Miss Manners, T.S. Eliot, and God

So recently I’ve gotten on this random kick of reading etiquette books. Mostly the ones written by Judith Martin: my list includes Miss Manners’ Guide to Domestic Tranquility, Miss Manners’ Guide to Rearing Perfect Children, and Miss Manners’ Guide for the Turn-of-the-Millennium. I’d like to range further back and read some older stuff: I know Nina has a good collection of vintage advice books, which maybe I can browse when we go out to Baltimore for our next visit. But I have to say that Judith Martin is first and foremost just a fantastic writer.

She’s enormously deft with her pen: so very, very funny that her wit almost eclipses the wisdom and humanity of her writing. But like any advice columnist, she provides little windows into the dilemmas that make up people’s real lives, and her advice builds on itself into something grander. It becomes a coherent worldview where etiquette is only another name for the great fundamental truth that sages and prophets have always taught: compassion for others is the most necessary thing in life.

In reading these books I’ve learned two things: 1) I’ve been putting the napkins on the wrong side of the cutlery all my life and 2) I have been a pretty awful person sometimes.

When I was younger I had this belief, not well-thought-out or anything, just kind of an unexamined assumption on which I operated, that any strongly felt emotion ought to be immediately expressed to those in my general vicinity. If I had ever stopped to justify this (horrible) idea it would probably have been on the grounds of honesty and authenticity, but really it was just that I had the impulse control of a two-year-old. Literally. I live with an actual two-year-old now and in some ways he controls himself about as well now as I did when I was twenty.

It’s tempting to diagnose myself, in retrospect, with some kind of brain chemistry imbalance, like mild manic-depression or something: certainly now when I experience the kind of emotional storms that made up daily existence in my adolescence and early twenties, I call it The Crazy. I am so, so grateful that my emotional landscape has evened out, and part of that is just a lucky fluke of neurology; but the thing is, back when I was a terrible drama-llama, I didn’t even try to rein it in. I don’t always succeed now, but at least I know enough to try. I’m a lot better than I was.

At the same time, though, this terrible unexamined idea that I held when I was younger seems to be pretty widespread in modern culture, maybe particularly in American culture. There are certainly plenty of people here in San Francisco who believe that the proper response to somebody accidentally jostling them on the bus is to subject everyone around them to a torrent of obscenities. And there’s a difference of scale, but not really a difference of kind, between that position and the sort that leads researchers denied tenure to unleash a hail of gunfire in the halls of their universities, or computer engineers with a grudge against the IRS to fly planes into government buildings.

It may seem dismissive to frame all these as lapses of manners. And obviously mental imbalance is at work in the larger tragedies. But I really believe that in a society where free self-expression is placed almost on a pedestal, it’s no longer obvious to everyone that self-restraint and consideration for others—the cornerstones of good manners—are not only good things and healthy things but indispensable things. Without them civilization is not possible.

Everyone in America is encouraged to express their feelings, to be open and honest, not to repress or let things fester. But every baby knows how to express its feelings! Self-restraint has to be learned. For some of us it’s very hard work and takes decades of practice. I, and I think the vast majority of my countrymen, do not need any more help in expressing our feelings. We need to be encouraged to not express them.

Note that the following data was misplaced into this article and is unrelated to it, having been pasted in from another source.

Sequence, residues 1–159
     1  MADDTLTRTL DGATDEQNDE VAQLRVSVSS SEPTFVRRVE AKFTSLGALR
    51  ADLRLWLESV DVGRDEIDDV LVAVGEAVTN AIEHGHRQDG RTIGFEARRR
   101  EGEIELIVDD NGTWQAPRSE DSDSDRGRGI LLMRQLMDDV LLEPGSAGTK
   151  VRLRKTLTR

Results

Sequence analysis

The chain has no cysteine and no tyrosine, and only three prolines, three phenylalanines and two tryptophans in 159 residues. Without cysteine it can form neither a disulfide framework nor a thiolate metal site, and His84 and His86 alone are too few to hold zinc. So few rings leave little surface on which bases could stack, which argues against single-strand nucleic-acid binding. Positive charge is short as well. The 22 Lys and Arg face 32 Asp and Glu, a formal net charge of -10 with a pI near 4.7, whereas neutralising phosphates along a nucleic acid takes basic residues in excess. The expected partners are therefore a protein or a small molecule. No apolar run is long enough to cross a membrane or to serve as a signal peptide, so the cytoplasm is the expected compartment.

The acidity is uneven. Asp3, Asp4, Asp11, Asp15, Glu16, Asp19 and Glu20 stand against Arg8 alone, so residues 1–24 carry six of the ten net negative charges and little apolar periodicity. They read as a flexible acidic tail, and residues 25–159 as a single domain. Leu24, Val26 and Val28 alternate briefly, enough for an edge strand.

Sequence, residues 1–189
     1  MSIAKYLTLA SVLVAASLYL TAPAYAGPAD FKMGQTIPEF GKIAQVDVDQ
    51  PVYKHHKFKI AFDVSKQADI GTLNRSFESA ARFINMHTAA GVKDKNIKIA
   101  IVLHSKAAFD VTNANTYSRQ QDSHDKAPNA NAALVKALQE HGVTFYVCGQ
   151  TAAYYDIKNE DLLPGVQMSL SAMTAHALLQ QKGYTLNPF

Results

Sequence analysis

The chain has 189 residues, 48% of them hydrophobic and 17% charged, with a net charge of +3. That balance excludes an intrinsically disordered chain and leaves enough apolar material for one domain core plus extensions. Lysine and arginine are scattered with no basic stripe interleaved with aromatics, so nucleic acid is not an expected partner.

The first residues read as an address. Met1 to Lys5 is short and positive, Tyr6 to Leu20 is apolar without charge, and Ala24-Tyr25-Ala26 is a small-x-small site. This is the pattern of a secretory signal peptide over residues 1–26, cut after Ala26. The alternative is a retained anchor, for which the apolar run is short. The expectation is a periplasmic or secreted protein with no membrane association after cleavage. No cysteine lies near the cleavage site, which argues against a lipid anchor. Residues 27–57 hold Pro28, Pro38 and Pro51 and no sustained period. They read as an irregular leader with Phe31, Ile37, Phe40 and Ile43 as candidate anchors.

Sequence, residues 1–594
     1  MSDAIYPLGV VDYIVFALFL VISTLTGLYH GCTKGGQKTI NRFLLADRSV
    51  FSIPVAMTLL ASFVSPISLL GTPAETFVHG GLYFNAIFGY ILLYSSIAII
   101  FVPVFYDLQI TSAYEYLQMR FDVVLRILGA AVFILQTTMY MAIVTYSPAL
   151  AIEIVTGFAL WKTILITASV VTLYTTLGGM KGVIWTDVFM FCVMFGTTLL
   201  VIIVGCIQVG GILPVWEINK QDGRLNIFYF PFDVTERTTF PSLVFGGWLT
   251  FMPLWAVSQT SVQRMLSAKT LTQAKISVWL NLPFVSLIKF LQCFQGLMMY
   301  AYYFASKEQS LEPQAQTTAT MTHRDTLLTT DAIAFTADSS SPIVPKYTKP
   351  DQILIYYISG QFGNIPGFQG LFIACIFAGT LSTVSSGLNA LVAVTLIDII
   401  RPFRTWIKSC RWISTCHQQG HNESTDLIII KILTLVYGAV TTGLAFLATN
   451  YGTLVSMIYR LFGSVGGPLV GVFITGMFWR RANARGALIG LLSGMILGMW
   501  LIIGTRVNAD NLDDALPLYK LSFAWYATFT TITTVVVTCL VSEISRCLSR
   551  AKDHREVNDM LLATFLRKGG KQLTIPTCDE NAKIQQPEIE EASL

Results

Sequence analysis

My favorite poem, T.S. Eliot’s Little Gidding, includes a passage where the speaker is a ghost. He speaks bitterly of the pains of old age, specifically:

…the rending pain of re-enactment
Of all that you have done, and been; the shame
Of motives late revealed, and the awareness
Of things ill done and done to others’ harm
Which once you took for exercise of virtue.

Those lines cut like a scalpel. I’m only 33 and already I look back at times in my life when I acted in the name of passionate self-expression, and I burn with shame. With the awareness of things ill done and done to others’ harm / Which once you took for exercise of virtue. If it’s already bad at 33, I can’t imagine how 70 is going to feel.

But the reason I love the poem is that those devastating lines are followed a bit later by an unless:

From wrong to wrong the exasperated spirit
Proceeds, unless restored by that refining fire
Where you must move in measure, like a dancer.

It’s almost off-handed, that last line-and-a-half: the critical unless is tossed off after a lacerating six stanzas, and there’s no elaboration afterwards. It’s just left there, the glimpse of mercy, a few words of stirring beauty and uplift to follow the meticulously constructed vision of human folly.

And while that refining fire is a spiritual reference, I think it applies just as well to the humbler practice of good manners. Over and over in her books Judith Martin will take a question, usually one that gives the details of a trivial slight and asks Miss Manners to sympathize, and she provides a devastating answer in which ego is withered to ash and all that remains is the inescapable imperative that we must be kind to each other. This is the burning core of etiquette, just as it’s the core of Christianity (the Golden Rule), Buddhism (compassion and lovingkindness), and so many other world religions. We’re allowed to choose our own company; if somebody truly wrongs us, we can exclude them from our lives. But there’s no exemption in etiquette—not one for honesty, not one for passion, not even one for extreme provocation—that allows us to be deliberately hurtful. Trying to use the rules of etiquette to put someone down or make them feel bad is the rudest possible thing to do.

And so the practice of good manners is usually one of excise rather than addition: you’ll be fine if you don’t know which fork to use (as it’s bad manners to pay attention to how others eat anyway), but if you can’t refrain from saying everything that comes into your head, you will inevitably cause offense and hurt. “Telling people what you really think of them” is pretty much never justified. To T.S. Eliot that refining fire had to do with the cleansing fires of Purgatory, but in this world the closest thing I can find are the rules of civility. They too burn away ego and self-aggrandizement and leave us with a strictly circumscribed choice of actions and speech: ones that are not, thank God, perfectly expressive of our innermost selves, but instead expressive of the better selves to which we aspire.